Step 1. Identifying options for product delivery    

As a first step, a multidisciplinary design team, comprising product designers, material engineers, chemists, toxicologists and sustainability experts, should consider the functionalities that a product delivers in terms of the service it provides to the customer. By focusing on the function that a product delivers rather than the form that it takes, the team can innovate more broadly and consider a wide range of possible candidates.

Defining a minimum level of performance can guide the selection of candidate products. Sustainability goals can also be built into the design up front. For example, product life cycles can be prolonged by increasing durability and reparability. Reducing the complexity of product design makes it easier to separate product components and either repair the product or recycle the individual components, reducing resource use and fostering circularity in the long term. The likely performance and risks of the various candidates against sustainability goals, including safety, greenhouse gas emissions and recyclability, is assessed in subsequent steps.

Step 2. Mapping the potential impacts of product options throughout the life cycle

A single product has an impact on the environment, climate and health throughout its life cycle, including raw material extraction, production, manufacturing, use, and disposal, reuse, or recycling. In gathering information to assess the performance of the candidate products against safety and sustainability goals, the full life cycle of each product should be mapped out and potential impacts on the various dimensions of safety and sustainability described:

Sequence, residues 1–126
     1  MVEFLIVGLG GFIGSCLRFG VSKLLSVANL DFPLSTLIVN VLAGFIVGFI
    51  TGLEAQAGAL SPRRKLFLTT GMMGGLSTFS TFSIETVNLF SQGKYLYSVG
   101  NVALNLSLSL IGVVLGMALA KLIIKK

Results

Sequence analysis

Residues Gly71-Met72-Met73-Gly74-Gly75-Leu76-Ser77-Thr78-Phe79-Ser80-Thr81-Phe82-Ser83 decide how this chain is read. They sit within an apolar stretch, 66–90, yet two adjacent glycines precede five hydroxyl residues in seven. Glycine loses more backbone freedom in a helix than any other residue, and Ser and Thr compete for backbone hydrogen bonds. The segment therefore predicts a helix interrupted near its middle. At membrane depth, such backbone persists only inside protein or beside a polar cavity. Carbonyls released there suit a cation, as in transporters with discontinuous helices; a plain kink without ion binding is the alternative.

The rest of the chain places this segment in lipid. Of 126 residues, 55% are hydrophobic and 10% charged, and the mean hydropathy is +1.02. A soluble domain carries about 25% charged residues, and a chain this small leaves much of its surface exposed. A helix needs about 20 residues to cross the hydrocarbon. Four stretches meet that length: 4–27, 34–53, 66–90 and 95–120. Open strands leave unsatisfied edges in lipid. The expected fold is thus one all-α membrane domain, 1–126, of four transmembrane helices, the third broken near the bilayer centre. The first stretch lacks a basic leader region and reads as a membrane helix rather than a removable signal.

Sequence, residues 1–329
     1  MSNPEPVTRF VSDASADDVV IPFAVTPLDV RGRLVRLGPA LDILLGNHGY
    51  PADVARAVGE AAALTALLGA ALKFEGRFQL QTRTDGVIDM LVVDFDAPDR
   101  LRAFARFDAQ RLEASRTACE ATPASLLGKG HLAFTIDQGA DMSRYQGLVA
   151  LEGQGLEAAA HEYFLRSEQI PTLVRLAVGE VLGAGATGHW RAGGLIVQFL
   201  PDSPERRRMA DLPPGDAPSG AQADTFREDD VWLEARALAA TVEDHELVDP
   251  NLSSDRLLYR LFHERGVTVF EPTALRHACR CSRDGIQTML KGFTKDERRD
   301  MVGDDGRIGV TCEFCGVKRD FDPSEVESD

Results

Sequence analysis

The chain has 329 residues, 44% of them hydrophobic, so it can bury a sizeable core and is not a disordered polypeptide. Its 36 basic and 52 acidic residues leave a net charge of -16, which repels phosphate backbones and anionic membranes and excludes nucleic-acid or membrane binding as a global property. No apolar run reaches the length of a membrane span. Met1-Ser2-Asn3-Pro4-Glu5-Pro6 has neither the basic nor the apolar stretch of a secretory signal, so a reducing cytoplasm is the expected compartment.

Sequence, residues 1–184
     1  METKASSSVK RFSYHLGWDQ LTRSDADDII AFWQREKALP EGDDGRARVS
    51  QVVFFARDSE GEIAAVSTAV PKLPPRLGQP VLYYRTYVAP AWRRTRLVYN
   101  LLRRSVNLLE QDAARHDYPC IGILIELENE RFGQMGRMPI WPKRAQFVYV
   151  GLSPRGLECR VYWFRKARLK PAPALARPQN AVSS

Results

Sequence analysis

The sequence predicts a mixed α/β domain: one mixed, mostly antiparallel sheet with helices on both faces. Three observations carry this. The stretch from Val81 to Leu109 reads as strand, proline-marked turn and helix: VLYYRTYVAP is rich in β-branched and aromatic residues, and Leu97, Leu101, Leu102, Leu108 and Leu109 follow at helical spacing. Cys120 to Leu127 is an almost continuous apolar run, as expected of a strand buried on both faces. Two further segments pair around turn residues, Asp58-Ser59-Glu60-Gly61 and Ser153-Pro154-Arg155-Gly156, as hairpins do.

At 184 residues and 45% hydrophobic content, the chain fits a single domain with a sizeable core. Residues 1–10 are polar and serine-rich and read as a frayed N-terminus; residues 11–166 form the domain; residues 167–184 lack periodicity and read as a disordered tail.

• Chemical safety: estimate the diversity and volumes of chemicals used in production and in any recycling processes. Identify potential emissions throughout the life cycle and assess the impacts of possible exposures to hazardous chemicals on human health and ecosystems.
  • Resource use and circularity: describe the resources consumed and the potential for end-of-life recovery for reuse and/or recycling.
  • Greenhouse gas emissions: estimate energy consumption and the potential greenhouse gas emissions throughout the life cycle, considering the fuels used in production processes and waste management or recycling processes.
  • Impacts on ecosystems: describe the range of potential environmental impacts, including ecosystem damage during resource extraction and emissions of pollution throughout the life cycle.

Step 3. Assess sustainability performance throughout the product’s life cycle

The next step is to assess performance of each candidate product against the various dimensions of safety and sustainability. A range of methodologies exist for assessing product performance against safety and sustainability goals. A useful example is the Product Environmental Footprint method, developed by the European Commission’s Joint Research Centre, which can be used to assess resource use and impacts on climate and ecosystems, as well as impacts on health from air pollution. Box 1 shows an example of how to assess the sustainability of chemicals used in products.

Further work is currently required to bring together the available methodologies into a coherent and consistent set of guidance on how to assess products against sustainability goals. In such assessments, the principal challenge is to gather sufficient information and robust data, which is followed by further work on gap-filling approaches and addressing uncertainties.

Box 1. Decision-making process for assessing the safety profile of a candidate product